HOUSTON -- Houston Texans running back Arian Foster admitted to receiving money during his senior season at the University of Tennessee, according to an interview he did for the documentary, Schooled: The Price of College Sports.
According to a report from Sports Illustrated, the producers of the documentary approached Foster in February to be interviewed for their film.
Honestly, I don t know if this will throw us into an NCAA investigation, but my senior year I was getting money on the side, Foster said in the EPIX documentary. I really didn t have any money. I had to either pay the rent or buy some food. I remember the feeling, like, Man, be careful, but there s nothing wrong with it. You re not going to convince me that there is something wrong with it.
Foster, who played for the Volunteers from 2005-08, expanded on his comments Friday after the Texans practice.
I feel very strong about the injustice that the NCAA has been doing for years, Foster said Friday.
The Texans running back said he feels like he should not have to run from the NCAA anymore.
They re like these big bullies and I m not scared of them, he said.
Andrew Muscato, a producer of the documentary, said Foster didn t specify how much money he received or who paid him during the four-hour interview in February.
Bar patron Andre Valmore believes college athletes deserve a lot more.
The school is getting a lot of money and they're [college athletes] not getting anything but a scholarship and maybe an allowance, Valmore said.
Tennessee athletic director Dave Hart said in a statement released by the university Friday that, We can t speak to something that allegedly happened a long time ago.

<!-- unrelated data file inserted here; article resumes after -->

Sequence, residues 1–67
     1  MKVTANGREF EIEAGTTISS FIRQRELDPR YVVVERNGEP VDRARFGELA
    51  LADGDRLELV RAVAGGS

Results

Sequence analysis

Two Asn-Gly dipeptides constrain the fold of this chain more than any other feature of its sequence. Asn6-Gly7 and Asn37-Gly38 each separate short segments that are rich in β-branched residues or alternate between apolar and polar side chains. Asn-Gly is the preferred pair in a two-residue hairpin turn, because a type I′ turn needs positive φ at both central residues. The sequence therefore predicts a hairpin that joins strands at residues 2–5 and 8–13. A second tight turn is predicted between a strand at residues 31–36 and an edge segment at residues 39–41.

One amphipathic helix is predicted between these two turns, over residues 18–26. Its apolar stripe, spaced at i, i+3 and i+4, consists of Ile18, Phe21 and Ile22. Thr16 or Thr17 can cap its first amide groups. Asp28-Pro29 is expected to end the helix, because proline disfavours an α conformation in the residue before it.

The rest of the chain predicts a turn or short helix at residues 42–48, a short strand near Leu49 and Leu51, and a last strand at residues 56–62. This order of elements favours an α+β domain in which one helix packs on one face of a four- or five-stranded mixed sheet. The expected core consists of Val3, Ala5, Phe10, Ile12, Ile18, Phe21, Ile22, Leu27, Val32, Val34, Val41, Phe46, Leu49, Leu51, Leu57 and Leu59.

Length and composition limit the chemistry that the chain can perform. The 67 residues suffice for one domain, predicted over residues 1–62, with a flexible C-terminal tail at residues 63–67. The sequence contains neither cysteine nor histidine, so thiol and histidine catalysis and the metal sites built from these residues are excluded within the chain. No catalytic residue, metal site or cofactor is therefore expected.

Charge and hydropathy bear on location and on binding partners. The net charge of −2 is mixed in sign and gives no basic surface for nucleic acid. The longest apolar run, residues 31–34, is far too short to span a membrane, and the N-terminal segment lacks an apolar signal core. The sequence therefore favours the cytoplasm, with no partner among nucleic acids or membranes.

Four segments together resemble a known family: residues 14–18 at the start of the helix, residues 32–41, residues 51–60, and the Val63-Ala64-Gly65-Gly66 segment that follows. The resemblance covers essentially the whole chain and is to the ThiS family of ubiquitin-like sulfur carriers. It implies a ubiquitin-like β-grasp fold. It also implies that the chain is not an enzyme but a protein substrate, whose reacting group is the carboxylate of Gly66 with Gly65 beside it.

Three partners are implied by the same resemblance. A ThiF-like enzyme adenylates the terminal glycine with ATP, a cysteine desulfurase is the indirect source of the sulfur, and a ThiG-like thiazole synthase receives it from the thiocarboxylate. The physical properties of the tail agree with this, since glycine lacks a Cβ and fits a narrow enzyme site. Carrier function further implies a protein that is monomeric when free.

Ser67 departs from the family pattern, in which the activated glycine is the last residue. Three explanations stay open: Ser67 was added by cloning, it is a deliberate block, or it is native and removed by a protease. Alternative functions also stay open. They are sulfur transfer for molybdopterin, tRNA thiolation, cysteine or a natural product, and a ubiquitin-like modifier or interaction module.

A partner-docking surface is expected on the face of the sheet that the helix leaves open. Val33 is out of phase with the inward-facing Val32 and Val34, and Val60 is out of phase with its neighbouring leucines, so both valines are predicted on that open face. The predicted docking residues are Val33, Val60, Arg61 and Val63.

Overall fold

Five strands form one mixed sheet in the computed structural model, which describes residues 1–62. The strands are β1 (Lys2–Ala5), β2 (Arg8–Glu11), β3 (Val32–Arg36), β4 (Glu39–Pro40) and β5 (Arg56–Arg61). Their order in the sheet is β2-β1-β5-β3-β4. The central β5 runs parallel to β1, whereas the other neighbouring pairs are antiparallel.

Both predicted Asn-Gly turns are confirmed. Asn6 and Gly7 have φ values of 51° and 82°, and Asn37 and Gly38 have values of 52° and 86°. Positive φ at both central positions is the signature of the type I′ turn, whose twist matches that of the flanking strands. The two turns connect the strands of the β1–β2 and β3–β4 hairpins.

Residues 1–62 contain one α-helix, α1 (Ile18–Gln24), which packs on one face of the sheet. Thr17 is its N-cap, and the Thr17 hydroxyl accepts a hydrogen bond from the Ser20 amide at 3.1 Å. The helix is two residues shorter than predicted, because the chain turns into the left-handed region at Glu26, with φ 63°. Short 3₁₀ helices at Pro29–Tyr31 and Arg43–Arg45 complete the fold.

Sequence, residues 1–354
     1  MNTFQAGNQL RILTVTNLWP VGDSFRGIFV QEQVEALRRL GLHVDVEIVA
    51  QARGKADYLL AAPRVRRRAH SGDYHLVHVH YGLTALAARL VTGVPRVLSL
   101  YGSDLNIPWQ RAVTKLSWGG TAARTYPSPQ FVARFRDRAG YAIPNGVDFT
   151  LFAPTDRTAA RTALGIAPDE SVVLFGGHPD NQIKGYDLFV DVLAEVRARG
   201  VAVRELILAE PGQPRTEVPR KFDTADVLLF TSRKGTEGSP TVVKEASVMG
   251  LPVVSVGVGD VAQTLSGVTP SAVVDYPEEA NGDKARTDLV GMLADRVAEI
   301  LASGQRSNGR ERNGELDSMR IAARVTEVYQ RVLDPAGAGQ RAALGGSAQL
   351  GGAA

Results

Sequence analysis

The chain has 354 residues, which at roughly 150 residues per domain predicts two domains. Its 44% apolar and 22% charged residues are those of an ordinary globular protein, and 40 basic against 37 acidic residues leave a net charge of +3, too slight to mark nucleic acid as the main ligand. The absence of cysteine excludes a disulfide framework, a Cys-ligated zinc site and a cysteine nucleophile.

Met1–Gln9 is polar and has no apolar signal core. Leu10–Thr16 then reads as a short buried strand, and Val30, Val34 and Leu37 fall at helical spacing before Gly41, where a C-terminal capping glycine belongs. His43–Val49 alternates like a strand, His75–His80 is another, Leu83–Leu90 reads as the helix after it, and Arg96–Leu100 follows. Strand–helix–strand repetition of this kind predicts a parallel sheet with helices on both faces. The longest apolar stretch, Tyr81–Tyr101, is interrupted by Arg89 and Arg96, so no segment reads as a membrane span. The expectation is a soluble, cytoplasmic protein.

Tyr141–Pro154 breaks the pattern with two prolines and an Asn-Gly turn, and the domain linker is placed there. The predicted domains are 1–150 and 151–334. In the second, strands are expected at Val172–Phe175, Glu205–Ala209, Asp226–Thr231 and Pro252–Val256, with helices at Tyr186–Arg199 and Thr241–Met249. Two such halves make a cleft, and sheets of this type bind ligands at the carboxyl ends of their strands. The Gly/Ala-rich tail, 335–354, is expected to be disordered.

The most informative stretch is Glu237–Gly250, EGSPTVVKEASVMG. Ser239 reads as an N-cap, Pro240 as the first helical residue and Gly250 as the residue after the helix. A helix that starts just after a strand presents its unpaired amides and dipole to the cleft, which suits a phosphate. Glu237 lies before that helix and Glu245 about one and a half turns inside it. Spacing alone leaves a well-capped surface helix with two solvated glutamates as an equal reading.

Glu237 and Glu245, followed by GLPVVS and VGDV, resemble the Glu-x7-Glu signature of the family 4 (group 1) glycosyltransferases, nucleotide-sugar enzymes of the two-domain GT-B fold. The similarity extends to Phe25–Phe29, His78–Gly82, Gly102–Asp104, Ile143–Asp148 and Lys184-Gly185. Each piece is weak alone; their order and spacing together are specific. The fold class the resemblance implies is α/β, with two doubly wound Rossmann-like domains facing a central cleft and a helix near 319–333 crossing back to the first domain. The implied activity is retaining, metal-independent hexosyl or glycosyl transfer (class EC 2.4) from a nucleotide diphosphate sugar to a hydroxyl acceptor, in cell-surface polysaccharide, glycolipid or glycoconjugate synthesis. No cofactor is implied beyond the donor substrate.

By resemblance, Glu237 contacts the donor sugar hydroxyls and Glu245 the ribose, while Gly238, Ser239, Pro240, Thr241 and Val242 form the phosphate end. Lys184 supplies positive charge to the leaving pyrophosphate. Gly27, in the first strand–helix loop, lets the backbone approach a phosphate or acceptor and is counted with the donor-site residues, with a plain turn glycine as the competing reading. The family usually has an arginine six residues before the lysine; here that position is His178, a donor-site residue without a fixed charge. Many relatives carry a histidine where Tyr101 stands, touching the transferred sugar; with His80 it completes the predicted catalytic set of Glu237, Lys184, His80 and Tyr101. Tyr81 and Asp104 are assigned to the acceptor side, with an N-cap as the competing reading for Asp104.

Hart said what the university can say is that the values and priorities of our athletic department and football program are aligned, and the constant education of our student-athletes regarding the rules and the consequences of their choices is of the highest priority.
In response to an email about Foster s comments, NCAA spokeswoman Emily Potter said that I can t speak to a specific situation.
On Friday, Foster described how his financial situation while playing for the Volunteers led to him accepting money on the side.
When you re in college and your family doesn t make a lot of many, it s hard to make ends meet especially with the scholarship checks. You get the bare essentials, but towards the end of the month you run out ... every month, Foster said. It s just a problem all across America, but if you play top tier Division 1 (now called Football Bowl Subdivision) football, there are people that are willing to help you out. And I got helped out.
Foster explained to a group of reporters that the NCAA should not be allowed to hide behind the rules of amateurism.
It s not wrong, that s how I keep my lights on now and there s nothing wrong with it. But they have us feeling like it s OK to sanction 18-year-old kids, because they received money for playing a sport, Foster said. They try to disguise it under the rules of amateurism, but if you watch the documentary, they break down the history of amateurism. It s just a big charade for years. It s about time for it to come to an end, and I m just not going to shy away from that question. I m tired of that.
The Texans running back went on to say that he could not believe that with as much money being made off of student athletes that it could be referred to as amateur sports.
That s the life of college athletics. It s a billion dollar industry and they disguise it and hid it as an amateur sport, Foster said. Coaches coaching amateur players are getting paid millions of dollars. The head of the NCAA guys, they re getting paid six- to seven-figure salaries and they re still talking about amateur sports and it s amazing to me that adults let this go on.
Foster said Friday the money he received didn t come from a coach.
A phone call Friday to Phillip Fulmer, the Tennessee coach during Foster s college career, wasn t immediately returned.